| LOS ANGELES
LOS ANGELES Oct 5 A California ballot measure
to limit prescription drug prices for state-run health plans is
gaining popular backing, stoking industry concerns over attempts
to control costs nationwide.
The California Drug Price Relief Act, also known as
Proposition 61, seeks to limit state health programs from paying
more for medications than the U.S. Department of Veterans
Affairs (VA), which receives the steepest discounts in the
country. The first polls ahead of the Nov. 8 vote show it is
favored by up to 66 percent of state voters.
If the VA prices became a benchmark for many more Americans,
"that could lead to a slippery slope whereby lawmakers are
emboldened to try and enact other legislation for Medicare or
other price negotiation strategies" nationally, said Michael
Yee, health industry analyst at RBC Capital Markets.
Yee estimates that pricing limits like Proposition 61, if
approved by all 50 states, would trim 2 percent to 3 percent
from total pharmaceutical company profits. A similar measure
will go before Ohio voters on the 2017 state-wide ballot.
The looming vote on "Prop 61" has begun to rattle healthcare
investors, contributing to a sell-off in healthcare stocks late
last week. The industry has been dogged by concerns
that the government will seek new limits on pharmaceutical
pricing, boosted by public anger over rising out-of-pocket costs
for their medicines.
Democratic presidential candidate Hillary Clinton has
accused drugmakers of "price-gouging" and pledged to cap
consumers' monthly spending, among other measures.
Recognizing the potential threat in California, opponents of
the initiative, led by global drugmakers such as Pfizer Inc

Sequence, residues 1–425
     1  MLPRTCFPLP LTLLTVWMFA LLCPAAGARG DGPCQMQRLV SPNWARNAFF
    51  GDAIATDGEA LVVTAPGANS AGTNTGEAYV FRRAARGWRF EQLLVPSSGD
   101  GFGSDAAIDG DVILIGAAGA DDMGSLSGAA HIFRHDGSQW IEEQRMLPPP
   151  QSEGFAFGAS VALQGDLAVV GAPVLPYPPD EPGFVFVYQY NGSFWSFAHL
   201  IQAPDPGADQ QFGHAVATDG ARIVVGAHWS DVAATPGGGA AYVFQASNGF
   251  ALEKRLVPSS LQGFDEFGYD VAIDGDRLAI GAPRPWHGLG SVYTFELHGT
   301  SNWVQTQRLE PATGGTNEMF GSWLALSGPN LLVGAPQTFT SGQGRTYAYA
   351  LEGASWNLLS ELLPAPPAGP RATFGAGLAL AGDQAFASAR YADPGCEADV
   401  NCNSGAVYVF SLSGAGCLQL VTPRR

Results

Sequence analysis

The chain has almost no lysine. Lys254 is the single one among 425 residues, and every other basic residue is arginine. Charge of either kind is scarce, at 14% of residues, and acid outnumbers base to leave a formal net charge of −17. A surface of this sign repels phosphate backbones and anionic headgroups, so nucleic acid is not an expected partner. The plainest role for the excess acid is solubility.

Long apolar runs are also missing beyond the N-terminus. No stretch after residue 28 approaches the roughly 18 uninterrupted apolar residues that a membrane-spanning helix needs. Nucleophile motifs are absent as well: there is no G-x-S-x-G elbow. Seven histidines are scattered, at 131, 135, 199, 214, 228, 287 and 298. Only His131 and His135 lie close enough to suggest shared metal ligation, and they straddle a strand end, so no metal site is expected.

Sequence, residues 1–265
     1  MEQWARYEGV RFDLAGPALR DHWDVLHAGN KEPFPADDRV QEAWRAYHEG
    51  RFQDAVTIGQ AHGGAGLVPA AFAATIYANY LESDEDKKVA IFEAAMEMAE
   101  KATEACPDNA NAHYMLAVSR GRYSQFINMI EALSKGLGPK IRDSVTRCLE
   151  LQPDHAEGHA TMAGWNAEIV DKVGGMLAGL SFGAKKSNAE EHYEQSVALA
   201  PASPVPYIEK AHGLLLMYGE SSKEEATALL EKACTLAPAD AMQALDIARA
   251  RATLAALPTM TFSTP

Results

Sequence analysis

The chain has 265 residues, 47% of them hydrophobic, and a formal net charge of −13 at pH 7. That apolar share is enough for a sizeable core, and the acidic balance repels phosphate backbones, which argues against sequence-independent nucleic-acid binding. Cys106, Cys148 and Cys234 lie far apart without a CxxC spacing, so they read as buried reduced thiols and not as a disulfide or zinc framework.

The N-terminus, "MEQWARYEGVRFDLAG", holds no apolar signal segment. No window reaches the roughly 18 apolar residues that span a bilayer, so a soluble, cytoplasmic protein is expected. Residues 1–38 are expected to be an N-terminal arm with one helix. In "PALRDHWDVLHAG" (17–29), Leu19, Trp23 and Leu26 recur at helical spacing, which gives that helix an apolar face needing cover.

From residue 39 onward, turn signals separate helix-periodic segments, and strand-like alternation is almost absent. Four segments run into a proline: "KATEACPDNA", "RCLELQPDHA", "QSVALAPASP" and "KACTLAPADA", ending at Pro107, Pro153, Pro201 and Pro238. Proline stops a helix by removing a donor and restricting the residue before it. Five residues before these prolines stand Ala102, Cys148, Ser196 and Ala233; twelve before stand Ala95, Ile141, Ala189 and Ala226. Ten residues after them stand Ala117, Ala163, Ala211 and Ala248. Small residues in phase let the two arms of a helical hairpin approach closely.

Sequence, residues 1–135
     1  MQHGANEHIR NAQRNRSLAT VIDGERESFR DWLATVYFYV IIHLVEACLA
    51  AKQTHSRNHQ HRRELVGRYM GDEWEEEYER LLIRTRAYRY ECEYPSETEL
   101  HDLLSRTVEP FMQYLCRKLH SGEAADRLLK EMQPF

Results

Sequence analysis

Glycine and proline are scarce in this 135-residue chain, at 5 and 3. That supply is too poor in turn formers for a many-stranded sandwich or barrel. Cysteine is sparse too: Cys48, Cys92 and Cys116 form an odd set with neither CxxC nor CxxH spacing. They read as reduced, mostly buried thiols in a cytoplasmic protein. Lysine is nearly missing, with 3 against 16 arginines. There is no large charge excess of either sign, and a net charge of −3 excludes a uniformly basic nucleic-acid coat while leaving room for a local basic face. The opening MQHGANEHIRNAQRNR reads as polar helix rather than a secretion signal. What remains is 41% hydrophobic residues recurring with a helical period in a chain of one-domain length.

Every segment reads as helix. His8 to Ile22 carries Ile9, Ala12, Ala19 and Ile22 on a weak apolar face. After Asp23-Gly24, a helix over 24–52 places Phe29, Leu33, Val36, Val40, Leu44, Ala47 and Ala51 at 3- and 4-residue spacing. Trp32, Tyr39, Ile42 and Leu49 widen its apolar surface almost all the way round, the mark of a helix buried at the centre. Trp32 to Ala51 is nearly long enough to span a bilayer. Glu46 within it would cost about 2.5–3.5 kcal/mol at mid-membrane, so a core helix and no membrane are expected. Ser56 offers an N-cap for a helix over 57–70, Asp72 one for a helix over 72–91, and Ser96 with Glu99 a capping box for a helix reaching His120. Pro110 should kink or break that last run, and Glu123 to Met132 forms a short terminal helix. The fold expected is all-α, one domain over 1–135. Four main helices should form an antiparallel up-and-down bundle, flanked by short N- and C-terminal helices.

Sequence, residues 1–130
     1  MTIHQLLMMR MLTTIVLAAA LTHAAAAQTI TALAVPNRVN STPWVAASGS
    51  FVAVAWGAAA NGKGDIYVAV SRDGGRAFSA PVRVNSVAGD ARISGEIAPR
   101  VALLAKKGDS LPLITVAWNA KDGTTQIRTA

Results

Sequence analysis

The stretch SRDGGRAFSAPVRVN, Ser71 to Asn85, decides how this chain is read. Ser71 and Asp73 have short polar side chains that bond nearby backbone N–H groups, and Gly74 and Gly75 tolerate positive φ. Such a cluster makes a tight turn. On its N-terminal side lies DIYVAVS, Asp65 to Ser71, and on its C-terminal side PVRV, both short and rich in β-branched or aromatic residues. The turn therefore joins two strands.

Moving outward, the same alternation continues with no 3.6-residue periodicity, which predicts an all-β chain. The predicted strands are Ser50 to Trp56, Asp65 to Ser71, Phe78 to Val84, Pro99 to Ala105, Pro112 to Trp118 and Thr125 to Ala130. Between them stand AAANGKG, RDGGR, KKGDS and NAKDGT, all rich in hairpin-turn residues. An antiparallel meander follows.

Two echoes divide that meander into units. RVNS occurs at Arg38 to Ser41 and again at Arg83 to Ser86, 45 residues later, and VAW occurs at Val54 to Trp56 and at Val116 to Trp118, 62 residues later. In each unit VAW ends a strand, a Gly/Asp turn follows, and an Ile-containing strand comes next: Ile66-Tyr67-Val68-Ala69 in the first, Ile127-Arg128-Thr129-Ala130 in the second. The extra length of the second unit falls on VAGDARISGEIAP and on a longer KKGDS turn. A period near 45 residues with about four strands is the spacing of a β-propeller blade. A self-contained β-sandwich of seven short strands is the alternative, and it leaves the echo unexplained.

, Merck & Co Inc and Amgen Inc, say they
have raised nearly $87 million to fight Proposition 61.
Supporters, led by the AIDS Healthcare Foundation and AARP,
which advocates for seniors, have raised around $10 million to
defend it. The say the plan could save California taxpayers up
to $5.7 billion over 10 years, although a state legislative
analysis said the financial impact is not clear.
Much depends on whether drugmakers would either reduce
discounts provided to the VA, or raise list prices on their
medicines to recoup lost revenue.
Manufacturers contacted by Reuters would not comment on
their plans if Proposition 61 is approved. Kathy Fairbanks,
spokeswomen for the "No on Prop 61" organization, said the
measure's passage would "jeopardize" discretionary price
discounts that pharmaceutical manufacturers give to the VA.
"This is not free savings and the pharmaceutical industry
will just eat the cost," said Geoffrey Joyce, director of health
policy at the University of Southern California's Schaeffer
Center for Health Policy and Economics. "Prices will go up
In a brief released last month by California's legislature,
the VA warned that its annual costs could rise as much as $3.8
billion if drugmakers cancel supplemental discounts and raise
prices significantly higher when supply contracts expire.
That would represent a 62 percent increase on the agency's
drug spending, spokeswoman Sabrina Owns told Reuters in an
Under federal law, drugmakers are required to give the VA a
24 percent discount off the price paid by other purchasers. The
agency also negotiates with drugmakers for further discounts.
The VA spends some $6.1 billion a year on medicines for 6
million veterans. Proposition 61 would extend those discounts to
around 4.5 million Californians, including certain members of
the state's low-income Medicaid plan, state employees and
retirees, university teachers and prisoners.
The group "Yes on Prop 61," which represents the AIDS
Healthcare Foundation and other backers, says the pharmaceutical
industry would risk further damage to its reputation by raising
prices for the VA.
Both sides have launched ad campaigns featuring veterans as
advocates for their respective arguments.
On the "no" side, veterans say they are worried about being
asked to pay more for drug coverage, while ads from the "yes"
camp say much of the VA's price discounts are mandated by
federal law, and any price increases would represent a choice by
"What does it say about the drug companies if they are
threatening men and women who have served in the military?" said
Garry South, chief strategist for Yes on Prop 61. "The
pharmaceutical companies' biggest fear is if this passes in
California ... every other state in America will demand the same
(Reporting by Deena Beasley; Editing by Michele Gershberg,